Today, Londoners will have to make an important decision by voting in the mayoral election. This vote will set the course for the capital for the next four years, determining how services are run, where our money is spent and who will be the face of London for the Olympic Games.
The decision is twofold; Boris Johnson or Ken Livingstone? The current mayor or the former one? Forward with Boris or back with Ken? For me there is only one choice, I'm backing Boris.
To be a successful mayor you need to need to possess three important qualities; you must be a figurehead who can unite the capital, a champion for London who can get the best deal from the treasury and a believable candidate with a credible agenda. I think that Boris delivers all three of these counts; not even senior Labour figures say the same of Ken.
At the end of July the Mayor of London will be mixing with the great and the good of the world stage at the Olympic opening ceremony, acting as an ambassador for London. This role requires a figure that can unite Londoners under a common cause and showcase the best of London to the outside world. With Boris you get a recognisable and popular figure, but with Ken you get a divisive character whose factional brand of politics thrives on playing different groups off against each other. This approach has been clear throughout Ken's campaign and, if his aim was to insult as many different groups as possible, then it's fair to say he is to campaigning what Usain Bolt is to running fast. This year alone he has told us that the Jewish community won't vote for him because they are rich, that Tory policies are comparable to those of the mass murderer Anders Breivik and that London should be a "beacon for Islam". Such outbursts can't even be considered a slip of the tongue, offensive generalisations were normal when Ken was mayor - even comparing a Jewish journalist to a concentration camp guard. At no point do such views have a place within our modern multicultural capital: in 2012 when the world is watching, we need a figure that brings us together not pulls us apart.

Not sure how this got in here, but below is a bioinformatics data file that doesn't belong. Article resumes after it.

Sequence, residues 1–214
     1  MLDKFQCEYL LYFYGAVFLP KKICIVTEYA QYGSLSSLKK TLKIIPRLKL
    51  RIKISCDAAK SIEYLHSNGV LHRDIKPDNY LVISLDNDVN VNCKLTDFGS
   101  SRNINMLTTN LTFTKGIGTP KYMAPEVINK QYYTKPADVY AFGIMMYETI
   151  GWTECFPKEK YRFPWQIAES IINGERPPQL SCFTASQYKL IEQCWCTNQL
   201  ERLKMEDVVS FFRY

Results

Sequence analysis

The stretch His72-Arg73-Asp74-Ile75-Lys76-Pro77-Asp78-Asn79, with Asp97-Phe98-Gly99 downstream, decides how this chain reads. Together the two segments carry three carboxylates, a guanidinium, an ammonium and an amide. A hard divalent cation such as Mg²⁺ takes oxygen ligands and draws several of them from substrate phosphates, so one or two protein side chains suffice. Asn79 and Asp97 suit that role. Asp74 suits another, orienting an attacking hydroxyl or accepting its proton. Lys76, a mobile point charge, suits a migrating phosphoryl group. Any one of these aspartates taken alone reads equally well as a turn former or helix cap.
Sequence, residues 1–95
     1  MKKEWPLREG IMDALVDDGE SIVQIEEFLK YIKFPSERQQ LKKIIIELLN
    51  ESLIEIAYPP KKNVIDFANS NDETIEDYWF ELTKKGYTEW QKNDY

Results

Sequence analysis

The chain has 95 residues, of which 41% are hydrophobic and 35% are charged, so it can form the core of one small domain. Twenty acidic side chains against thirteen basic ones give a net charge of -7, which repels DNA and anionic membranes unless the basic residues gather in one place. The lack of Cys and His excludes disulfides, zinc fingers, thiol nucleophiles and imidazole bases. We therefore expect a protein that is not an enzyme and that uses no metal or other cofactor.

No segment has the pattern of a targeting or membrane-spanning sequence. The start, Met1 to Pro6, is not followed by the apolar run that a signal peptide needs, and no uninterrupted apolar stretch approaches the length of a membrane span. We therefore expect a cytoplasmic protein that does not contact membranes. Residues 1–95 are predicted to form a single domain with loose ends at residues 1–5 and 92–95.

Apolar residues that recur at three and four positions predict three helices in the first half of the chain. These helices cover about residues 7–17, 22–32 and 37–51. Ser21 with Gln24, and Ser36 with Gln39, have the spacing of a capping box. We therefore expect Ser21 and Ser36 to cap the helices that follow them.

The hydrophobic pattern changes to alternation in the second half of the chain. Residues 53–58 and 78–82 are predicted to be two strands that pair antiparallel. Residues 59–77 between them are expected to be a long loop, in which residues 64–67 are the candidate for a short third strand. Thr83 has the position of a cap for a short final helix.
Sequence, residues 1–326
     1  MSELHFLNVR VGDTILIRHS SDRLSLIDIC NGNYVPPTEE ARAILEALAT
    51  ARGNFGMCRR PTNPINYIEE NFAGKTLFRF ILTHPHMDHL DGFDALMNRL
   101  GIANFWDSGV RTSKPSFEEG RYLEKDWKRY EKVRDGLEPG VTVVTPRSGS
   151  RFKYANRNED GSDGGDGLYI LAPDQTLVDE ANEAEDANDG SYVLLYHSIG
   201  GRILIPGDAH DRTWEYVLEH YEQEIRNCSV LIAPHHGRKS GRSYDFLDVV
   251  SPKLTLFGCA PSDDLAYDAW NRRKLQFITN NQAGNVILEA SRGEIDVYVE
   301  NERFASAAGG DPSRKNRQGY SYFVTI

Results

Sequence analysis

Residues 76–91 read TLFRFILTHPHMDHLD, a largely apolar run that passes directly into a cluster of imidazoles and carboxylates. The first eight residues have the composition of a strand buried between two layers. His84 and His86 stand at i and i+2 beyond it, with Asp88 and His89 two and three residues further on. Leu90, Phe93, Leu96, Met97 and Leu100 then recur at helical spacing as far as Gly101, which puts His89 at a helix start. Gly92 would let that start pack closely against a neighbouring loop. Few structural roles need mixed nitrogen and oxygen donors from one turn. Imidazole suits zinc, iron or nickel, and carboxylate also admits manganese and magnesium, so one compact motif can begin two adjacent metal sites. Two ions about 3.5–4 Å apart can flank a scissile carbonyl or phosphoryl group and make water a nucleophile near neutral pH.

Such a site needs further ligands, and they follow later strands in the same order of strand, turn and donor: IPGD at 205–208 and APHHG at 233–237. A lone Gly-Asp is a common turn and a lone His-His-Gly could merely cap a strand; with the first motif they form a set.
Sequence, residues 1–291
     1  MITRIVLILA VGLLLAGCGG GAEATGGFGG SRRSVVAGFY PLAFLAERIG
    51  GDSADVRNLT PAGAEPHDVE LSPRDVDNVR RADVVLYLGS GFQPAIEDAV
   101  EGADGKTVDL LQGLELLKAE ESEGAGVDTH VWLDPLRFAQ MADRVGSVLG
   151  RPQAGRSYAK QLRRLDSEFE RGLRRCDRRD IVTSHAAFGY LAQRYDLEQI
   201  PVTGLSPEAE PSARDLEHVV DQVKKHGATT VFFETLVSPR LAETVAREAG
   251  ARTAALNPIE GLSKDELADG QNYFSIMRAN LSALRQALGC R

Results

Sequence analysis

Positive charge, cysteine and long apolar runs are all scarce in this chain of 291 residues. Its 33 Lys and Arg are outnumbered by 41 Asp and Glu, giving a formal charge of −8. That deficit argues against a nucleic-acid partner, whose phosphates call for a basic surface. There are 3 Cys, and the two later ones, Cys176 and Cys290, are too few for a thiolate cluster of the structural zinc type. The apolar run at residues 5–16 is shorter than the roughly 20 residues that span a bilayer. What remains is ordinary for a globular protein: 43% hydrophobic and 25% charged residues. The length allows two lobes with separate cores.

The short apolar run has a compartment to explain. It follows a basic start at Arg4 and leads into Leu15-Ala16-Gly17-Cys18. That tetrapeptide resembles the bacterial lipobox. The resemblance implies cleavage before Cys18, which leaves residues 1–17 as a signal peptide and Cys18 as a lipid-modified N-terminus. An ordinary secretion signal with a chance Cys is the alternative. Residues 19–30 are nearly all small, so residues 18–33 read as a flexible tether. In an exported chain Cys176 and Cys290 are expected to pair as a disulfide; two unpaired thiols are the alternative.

The next thing that a mayor must do is champion the capital, fighting hard to secure investment from a cash strapped treasury. Let's look at Boris's record; in difficult financial times he has harassed the treasury until they poured money into vital infrastructure projects like Crossrail. Similarly he has shown himself unafraid of putting London's interests ahead of party interests, criticising the Government on policies like tax, housing benefit and immigration when he feels they are not in the interests of Londoners. Now let's look at Ken, what causes did he champion when he was in Government? He seemed more interested in ramping up charges for motorists then jetting off (first class at the expense of taxpayers) to schmooze Venezuelan dictators.
It sounds obvious to say, but London deserves a candidate with a credible policy platform which is ambitious, affordable and above all else realistic. Boris has produced a comprehensive nine point plan which includes pledges to build on the work of his first term by freezing council tax, hiring a 1000 more police officers, delivering the Olympic legacy, cutting waste in city hall and securing investment for projects like Cross rail. In contrast, Ken's manifesto smacks of delusions of grandeur- pledging to spend a TFL surplus that isn't there and reinstate policies which he does not have the power to do. But worst of all it appears likely that Ken hasn't paid his fair share of tax. Faced by allegations that he minimises tax by funnelling it through a private company, he promised to publish his tax returns, then only released selective details, later pledging to release the rest "soon". To date he has not. Whilst he told us that people who evade tax should not have the right to vote, does he owe the public an explanation about his own tax arrangements? Until then, Londoners, lets not give Ken our vote.
Today, voters have the chance to determine the direction of their city in one of its most important years. Londoners should ask themselves whether they want a mayor who seeks to unite or divide? Whether we need a mayor who sticks up for London or for his cronies? And if we can trust a man who says one thing and then does the opposite. I know my view, I'm backing Boris. On 3 May I'd urge you to do the same and once and for all say NOT KEN AGAIN.Suggest a correction